Alfred W. McCoy cites "endless incarceration, extrajudicial killing, pervasive surveillance, drone strikes in defiance of national boundaries, torture on demand, and immunity for all of the above on the grounds of state secrecy." "They," he suggests, "represent the real American exceptionalism."
On a lighter note, however, Vox's Zach Beauchamp writes
Virtually every country on earth aside from the United States measures temperature in Celsius. This makes sense; Celsius is a reasonable scale that assigns freezing and boiling points of water with round numbers, zero and 100. In Fahrenheit, those are, incomprehensibly, 32 and 212.
This isn't just an aesthetic issue. America's stubborn unwillingness to get rid of Fahrenheit temperatures is part of its generally dumb refusal to change over to the metric system, which has real-world consequences. One conversion error between US and metric measurements sent a $125 million NASA probe to its fiery death in Mars' atmosphere.
Once upon a time, forty years or so ago, it appeared the USA might step up and join the rest of the civilized world in using the metric system. Beauchamp continues
Congress passed a law, the 1975 Metric Conversion Act, that was theoretically supposed to begin the process of metrication. It set up a Metric Board to supervise the transition.
The law crashed and burned. Because it made metrication voluntary, rather than mandatory, the public had a major say in the matter. And lots of people didn't want to have to learn new systems for temperatures or weights.
"Motorists rebelled at the idea of highway signs in kilometers, weather watchers blanched at the notion of reading a forecast in Celsius, and consumers balked at the prospect of buying poultry by the kilogram," Jason Zengerle writes in Mother Jones. Organized labor fought it as well, according to Zengerle, so workers wouldn't have to retrain to learn the new measures.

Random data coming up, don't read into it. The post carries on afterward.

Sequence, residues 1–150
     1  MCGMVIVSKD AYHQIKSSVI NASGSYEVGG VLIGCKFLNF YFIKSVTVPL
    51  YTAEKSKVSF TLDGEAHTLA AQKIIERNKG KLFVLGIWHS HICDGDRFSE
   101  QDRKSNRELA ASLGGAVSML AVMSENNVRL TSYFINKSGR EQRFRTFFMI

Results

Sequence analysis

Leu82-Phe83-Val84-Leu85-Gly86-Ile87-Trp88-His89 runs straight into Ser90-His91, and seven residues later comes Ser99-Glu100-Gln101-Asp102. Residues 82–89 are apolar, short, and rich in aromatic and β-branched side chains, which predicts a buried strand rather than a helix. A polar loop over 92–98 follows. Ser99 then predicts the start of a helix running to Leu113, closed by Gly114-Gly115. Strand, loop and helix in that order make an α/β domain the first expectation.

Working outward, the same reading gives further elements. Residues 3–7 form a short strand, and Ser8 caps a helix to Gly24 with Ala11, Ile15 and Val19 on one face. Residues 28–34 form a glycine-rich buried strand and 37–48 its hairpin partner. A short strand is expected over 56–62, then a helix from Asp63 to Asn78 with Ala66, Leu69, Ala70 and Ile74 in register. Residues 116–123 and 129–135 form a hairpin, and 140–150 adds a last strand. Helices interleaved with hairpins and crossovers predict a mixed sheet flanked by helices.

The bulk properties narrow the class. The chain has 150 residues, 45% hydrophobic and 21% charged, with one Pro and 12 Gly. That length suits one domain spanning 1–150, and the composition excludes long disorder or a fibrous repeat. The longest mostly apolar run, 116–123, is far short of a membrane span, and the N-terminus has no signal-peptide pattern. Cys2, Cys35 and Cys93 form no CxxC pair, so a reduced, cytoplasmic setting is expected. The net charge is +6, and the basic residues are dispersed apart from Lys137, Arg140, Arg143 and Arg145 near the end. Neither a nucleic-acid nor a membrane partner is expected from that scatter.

President Reagan dismantled the Metric Board in 1982, its work in tatters. Congress's dumb implementation of the law ensured that America would keep measuring temperature in Fahrenheit.
Today, the US is virtually alone in the world in staying off the metric system, joined only by Burma and Liberia (Burma announced its intent to metricate in 2013).
Susannah Locke, also of Vox, explains
The measuring system that the United States uses right now isn't really a system at all. It's a hodgepodge of various units that often seem to have no logical relationship to one another, units collected throughout our history here and there, bit by bit. Twelve inches in a foot, three feet in a yard, 1,760 yards in a mile.
The metric system, by contrast, was intentionally created with ease and simplicity in mind. And as a result, it's incredibly efficient to use. All you need to do is multiply or divide by some factor of ten. 10 millimeters in a centimeter, 100 centimeters in a meter, 1,000 meters in a kilometer. Water freezes at 0°C and boils at 100°C....
Not being metric-fluent can hamper collaboration and communication across borders. And it's not just annoying, but can add real costs. For example, many US manufacturers need to make two kinds of products for every item — one for here and one for there. Foreign manufacturers also have to modify products just for the US market (or decide that maybe it's not worth the bother).
The map (by NBS, via USMA) below was drawn up in 1971 but no nation has abandoned the metric system since then, and the USA remains one of a very few holdouts. Switching would be one of the few things this nation could do to acknowledge intensifying globalization without costing American jobs. It isn't likely the country's opinion makers will make another stab at adopting the metric system. Being one of the last of a dying breed has its own advantages, such as once again proving that we are, indeed, as exceptional as we tell ourselves we are.